Back on the big island

Good bye to Castlebay, Isle of Barra

Today has been mostly a Hebridean cruise rather than drive. Nearly five hours on the ferry from Castlebay to Oban, running first across the Hebridean Sea, then through the Sound of Mull and finally crossing the Firth of Lorne. Kind of poetic names don’t you think?

The day started prosaically enough with an early breakfast in the hotel, just managing to beat the coach party to the gun and bag the best service. A 3-mile drive down to Castlebay, 50 mins before sailing, only to find a couple German-registered motorhomes already there. I don’t like national stereotypes, but come on… There was already a large ship in harbour so we were wondering why the ferry was so early, but a peep through the binoculars made it out to be the “Caledonian Sky”, a cruise ship. It started to disgorge passengers into rigid inflatable boats and ferry them to shore even as we watched. That’s something they could do with in Castlebay – a decent jetty to allow cruise liners to dock instead of having to ferry them ashore 8 at a time. As the prophet once said, build it and they will come.

MV Caledonian Sky

Shortly after our ferry, “Clansman” hammered into the bay like a speedboat and executed a 3-point turn to go astern to dock with the ferry ramp. It always impresses me how fast these big ferries go, right up until the last minute. I suppose with bow thrusters and all that gubbins they can easily turn in their own length. “Clansman” had come from Lochboisdale in South Uist, so there was no-one to disembark. I suppose it’s cheaper and quicker to take the little ferry across the Sound of Barra like we did on Saturday. Anyway, they made very short work of loading us and we were underway almost before I was sat down upstairs.

Across the Sea of the Hebrides from the deck of the Clansman

It was quite exciting leaving Castlebay, sailing past Kisimul Castle and out into the Hebridean Sea. Unlike the previous crossing this time the sea was like a millpond, a totally smooth crossing. After leaving Castlebay it was a bit same-y for the next hour, then we closed in on the Sound of Mull. This is a narrow channel with the Isle of Mull on our right and the Ardnamurchan peninsula on the left. Mainland Scotland in sight for the first time in a week! Or ‘the big island’ as Outer Hebrideans call it. In wasn’t long before we were passing within spitting distance of the town of Balamory, or Tobermory as it’s known outside of television. It’s a shame we don’t call as we pass so close by. I suppose it leaves me another island and town to visit another year though.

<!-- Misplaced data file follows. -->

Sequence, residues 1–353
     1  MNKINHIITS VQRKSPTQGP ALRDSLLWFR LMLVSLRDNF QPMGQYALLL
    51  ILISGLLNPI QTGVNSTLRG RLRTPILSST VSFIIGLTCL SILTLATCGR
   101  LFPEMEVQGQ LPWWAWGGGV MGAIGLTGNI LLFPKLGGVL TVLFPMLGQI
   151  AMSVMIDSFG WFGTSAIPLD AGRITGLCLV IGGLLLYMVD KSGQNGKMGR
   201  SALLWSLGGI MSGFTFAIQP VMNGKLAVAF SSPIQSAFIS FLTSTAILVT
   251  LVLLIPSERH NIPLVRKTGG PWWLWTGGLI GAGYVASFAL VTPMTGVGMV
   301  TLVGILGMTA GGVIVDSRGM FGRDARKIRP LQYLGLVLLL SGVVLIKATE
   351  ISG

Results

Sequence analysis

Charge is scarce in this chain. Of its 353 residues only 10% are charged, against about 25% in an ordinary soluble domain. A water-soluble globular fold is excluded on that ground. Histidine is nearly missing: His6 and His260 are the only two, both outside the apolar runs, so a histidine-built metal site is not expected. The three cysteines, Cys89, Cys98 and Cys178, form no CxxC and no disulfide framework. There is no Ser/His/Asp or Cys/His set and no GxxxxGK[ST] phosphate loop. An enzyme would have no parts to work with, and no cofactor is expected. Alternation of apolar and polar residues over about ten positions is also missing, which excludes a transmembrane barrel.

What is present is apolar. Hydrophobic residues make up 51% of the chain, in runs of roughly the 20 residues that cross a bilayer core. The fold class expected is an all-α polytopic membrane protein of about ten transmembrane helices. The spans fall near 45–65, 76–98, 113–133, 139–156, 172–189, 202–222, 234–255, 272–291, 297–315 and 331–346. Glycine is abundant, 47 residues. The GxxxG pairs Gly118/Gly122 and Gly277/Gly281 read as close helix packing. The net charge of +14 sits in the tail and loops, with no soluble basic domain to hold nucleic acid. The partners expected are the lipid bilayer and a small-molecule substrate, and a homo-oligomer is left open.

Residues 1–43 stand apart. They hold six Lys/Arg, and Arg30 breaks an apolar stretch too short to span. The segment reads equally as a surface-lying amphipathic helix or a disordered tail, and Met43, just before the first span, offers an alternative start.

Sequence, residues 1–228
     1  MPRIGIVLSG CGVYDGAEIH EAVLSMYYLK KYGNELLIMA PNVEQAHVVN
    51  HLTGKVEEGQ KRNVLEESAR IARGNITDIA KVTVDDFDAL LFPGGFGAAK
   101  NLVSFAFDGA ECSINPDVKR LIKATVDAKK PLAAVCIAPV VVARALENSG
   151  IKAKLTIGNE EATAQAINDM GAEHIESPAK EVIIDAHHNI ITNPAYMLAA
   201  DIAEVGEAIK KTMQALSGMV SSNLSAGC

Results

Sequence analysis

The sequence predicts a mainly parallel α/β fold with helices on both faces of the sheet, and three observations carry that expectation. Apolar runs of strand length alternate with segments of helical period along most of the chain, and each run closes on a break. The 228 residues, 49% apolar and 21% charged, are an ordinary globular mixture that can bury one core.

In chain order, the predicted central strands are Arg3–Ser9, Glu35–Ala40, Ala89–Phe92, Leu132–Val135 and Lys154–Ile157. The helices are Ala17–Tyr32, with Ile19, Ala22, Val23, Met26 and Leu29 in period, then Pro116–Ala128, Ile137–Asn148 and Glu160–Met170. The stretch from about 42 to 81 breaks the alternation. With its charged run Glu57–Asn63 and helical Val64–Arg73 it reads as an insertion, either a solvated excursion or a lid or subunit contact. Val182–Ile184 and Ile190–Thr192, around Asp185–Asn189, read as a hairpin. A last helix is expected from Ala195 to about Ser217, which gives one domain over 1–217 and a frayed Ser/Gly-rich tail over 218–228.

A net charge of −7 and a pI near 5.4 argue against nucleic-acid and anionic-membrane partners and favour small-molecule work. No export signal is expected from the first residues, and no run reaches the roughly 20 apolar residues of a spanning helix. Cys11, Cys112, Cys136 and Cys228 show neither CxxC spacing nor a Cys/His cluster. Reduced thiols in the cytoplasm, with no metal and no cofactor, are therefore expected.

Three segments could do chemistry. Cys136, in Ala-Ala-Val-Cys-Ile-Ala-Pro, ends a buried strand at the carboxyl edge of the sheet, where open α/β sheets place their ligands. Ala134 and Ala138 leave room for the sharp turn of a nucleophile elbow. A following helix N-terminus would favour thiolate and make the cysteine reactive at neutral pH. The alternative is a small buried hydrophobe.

Balamory, sorry, Tobermory on Mull

There’s hills and mountains all around now and very quickly we seem to come within sight of Oban across the Firth of Lorne. It looks massive compared to the towns we’ve seen this week. Even Stornoway appears tiny by comparison. Once again we belt into the harbour and then I fail to see if we crash in to the jetty or stop in time because it’s back to the car to wait for the signal to leave. I am guessing we didn’t crash though because the there was only a gentle bump to signal arrival.

A familiar name in Oban

You hear stories about people from little islands overcome by the hustle and bustle of big towns when they visit? They’re not joking. One week away and Oban feels like London to the disembarking driver. There’s traffic lights many pedestrians and roads with two (or even more!) lanes. Of course it’s a Bank Hol Monday and it’s fine weather in early summer. Oban is packed with folks! We had fun with this new-fangled thing called finding somewhere to park, but eventually managed it and a look round the town. It seems much busier and more prosperous since the last time I visited – albeit a cold April day some years ago.

Sleepy views in Crianlarich

From Oban a straight run to Crianlarich (I put the satnav on. It said: your destination 42 miles. Turn right in 39 miles). Nice views over Loch Awe flew by at the breathtaking speeds of 50 and 60 mph. We were here in no time and checked in for the final stop of the night. Just 293 miles left to run tomorrow and the weather forecast for the very first time is wet. A fitting epitaph for a magical journey to the isles.

Crianlarich Hotel – our last stop before the run downhill and home
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